Michigan quarterback situation looks bright for now, next several years

Shea Patterson, Dylan McCaffrey, Joe Milton contribute in Wisconsin game

Shea Patterson, Dylan McCaffrey and Joe Milton have helped create a bright future for Michigan at quarterback. (Getty Images)

ANN ARBOR, Mich. - Quarterback is no longer a position of weakness for the Michigan football team, and it's not just because Jim Harbaugh brought in another transfer.

Shea Patterson has led Michigan to six straight wins since showing mixed results against Notre Dame. It was his first game in a completely different offensive scheme, and that showed. Now, Patterson looks completely comfortable in Harbaugh's offense.

The former gunslinger didn't have to do much against Wisconsin, completing 14 of 21 pass attempts for just 124 yards. He made a major splash with his legs, too, highlighted by an 81-yard dash to set up Michigan's first touchdown.

Through seven games, Patterson has completed 68.6 percent of his passes for 10 touchdowns and three interceptions.

What's more: Michigan is no longer doomed if it has to reach down the quarterback depth chart.

Patterson's future

Shea Patterson reacts to a a Karan Higdon touchdown while playing Wisconsin on Oct. 13, 2018, at Michigan Stadium in Ann Arbor. (Gregory Shamus/Getty Images)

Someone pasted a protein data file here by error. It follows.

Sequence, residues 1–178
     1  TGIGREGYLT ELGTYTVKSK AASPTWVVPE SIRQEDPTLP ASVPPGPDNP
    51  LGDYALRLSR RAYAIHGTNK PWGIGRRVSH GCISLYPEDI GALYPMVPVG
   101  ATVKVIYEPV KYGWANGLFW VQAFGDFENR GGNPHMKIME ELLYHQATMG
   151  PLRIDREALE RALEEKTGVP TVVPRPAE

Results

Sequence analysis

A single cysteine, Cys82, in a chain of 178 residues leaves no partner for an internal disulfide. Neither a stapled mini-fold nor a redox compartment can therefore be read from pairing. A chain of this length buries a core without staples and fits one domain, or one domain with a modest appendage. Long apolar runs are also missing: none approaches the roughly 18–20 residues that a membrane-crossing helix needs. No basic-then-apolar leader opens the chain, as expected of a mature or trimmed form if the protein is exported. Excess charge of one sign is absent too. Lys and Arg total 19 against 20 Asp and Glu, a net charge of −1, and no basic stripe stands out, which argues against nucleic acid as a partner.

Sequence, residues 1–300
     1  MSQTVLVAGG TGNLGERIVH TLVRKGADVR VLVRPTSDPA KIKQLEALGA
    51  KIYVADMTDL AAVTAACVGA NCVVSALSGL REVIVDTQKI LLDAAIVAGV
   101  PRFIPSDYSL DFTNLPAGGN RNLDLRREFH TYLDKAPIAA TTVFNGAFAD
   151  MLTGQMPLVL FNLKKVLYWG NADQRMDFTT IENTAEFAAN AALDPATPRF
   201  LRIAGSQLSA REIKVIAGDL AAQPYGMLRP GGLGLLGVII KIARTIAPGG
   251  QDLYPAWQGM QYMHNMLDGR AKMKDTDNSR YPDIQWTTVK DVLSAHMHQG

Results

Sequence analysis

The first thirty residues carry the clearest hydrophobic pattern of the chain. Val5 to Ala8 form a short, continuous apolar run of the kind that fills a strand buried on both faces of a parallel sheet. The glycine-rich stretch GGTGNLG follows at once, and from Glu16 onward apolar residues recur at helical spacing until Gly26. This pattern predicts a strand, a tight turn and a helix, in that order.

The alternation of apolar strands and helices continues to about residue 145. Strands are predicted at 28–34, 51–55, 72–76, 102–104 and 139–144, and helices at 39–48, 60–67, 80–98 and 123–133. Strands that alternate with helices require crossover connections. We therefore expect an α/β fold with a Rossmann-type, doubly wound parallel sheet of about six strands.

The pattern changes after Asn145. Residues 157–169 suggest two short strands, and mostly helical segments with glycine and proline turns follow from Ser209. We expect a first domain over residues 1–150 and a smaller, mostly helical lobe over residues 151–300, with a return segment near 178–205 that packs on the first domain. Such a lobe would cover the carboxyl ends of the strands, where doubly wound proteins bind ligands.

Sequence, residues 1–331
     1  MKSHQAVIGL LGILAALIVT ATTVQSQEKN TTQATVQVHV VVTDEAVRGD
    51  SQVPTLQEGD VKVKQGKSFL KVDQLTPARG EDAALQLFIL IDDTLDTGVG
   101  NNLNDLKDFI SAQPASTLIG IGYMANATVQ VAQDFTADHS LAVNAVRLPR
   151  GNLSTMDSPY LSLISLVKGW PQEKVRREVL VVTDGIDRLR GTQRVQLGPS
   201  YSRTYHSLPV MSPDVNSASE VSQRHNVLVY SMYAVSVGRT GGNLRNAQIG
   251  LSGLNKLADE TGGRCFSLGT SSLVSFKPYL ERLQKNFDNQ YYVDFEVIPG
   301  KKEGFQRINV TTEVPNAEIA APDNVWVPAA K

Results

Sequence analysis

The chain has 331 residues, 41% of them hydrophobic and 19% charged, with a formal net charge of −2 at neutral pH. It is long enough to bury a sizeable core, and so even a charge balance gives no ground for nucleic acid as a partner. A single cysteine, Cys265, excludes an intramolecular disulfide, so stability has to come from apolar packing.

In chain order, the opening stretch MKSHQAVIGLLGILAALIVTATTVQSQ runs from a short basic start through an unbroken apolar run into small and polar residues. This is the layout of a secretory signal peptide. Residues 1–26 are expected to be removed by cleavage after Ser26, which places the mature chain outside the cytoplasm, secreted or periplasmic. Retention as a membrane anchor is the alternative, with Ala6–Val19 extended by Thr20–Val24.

When the former Ole Miss starter announced he would transfer to Michigan, there was speculation that he would spend one season in Ann Arbor before moving on to the NFL. As a former five-star and No. 1 overall quarterback recruit, Patterson certainly has enough talent to play at the next level.

But Patterson hasn't had to carry the offense. He's been solid throwing the ball downfield, mostly accurate in the short passing game and has mobility that would translate well to the NFL.

It doesn't seem like a foregone conclusion that Patterson will be gone after 2018, and it's fair to believe he'll be even more improved with a full year at Michigan under his belt.

Patterson is the best quarterback Harbaugh has had at Michigan, and it's translated to four games of more than 40 points and a 444-yard effort against Wisconsin.

Dylan McCaffrey

Dylan McCaffrey celebrates a 38-13 win over Wisconsin on Oct. 13, 2018, at Michigan Stadium in Ann Arbor. (Gregory Shamus/Getty Images)

Even if Patterson finishes the 2018 season strong and leaves for the NFL, or if Michigan has to fill in for an injury, the situation won't be nearly as bleak as last year.

McCaffrey has gotten his fair share of snaps as the second-string quarterback this season, largely thanks to a string of blowout wins.

The redshirt freshman kept Michigan afloat when Patterson had cramps against Notre Dame, completing four of six passes for 22 yards and running for 10 more. He threw his first touchdown pass the following week against Western Michigan.

McCaffrey really showed his arm talent against Nebraska, when he threw three nearly perfect deep balls that should have been touchdowns. The first two were dropped, but the third was hauled in by Ronnie Bell for a 56-yard touchdown.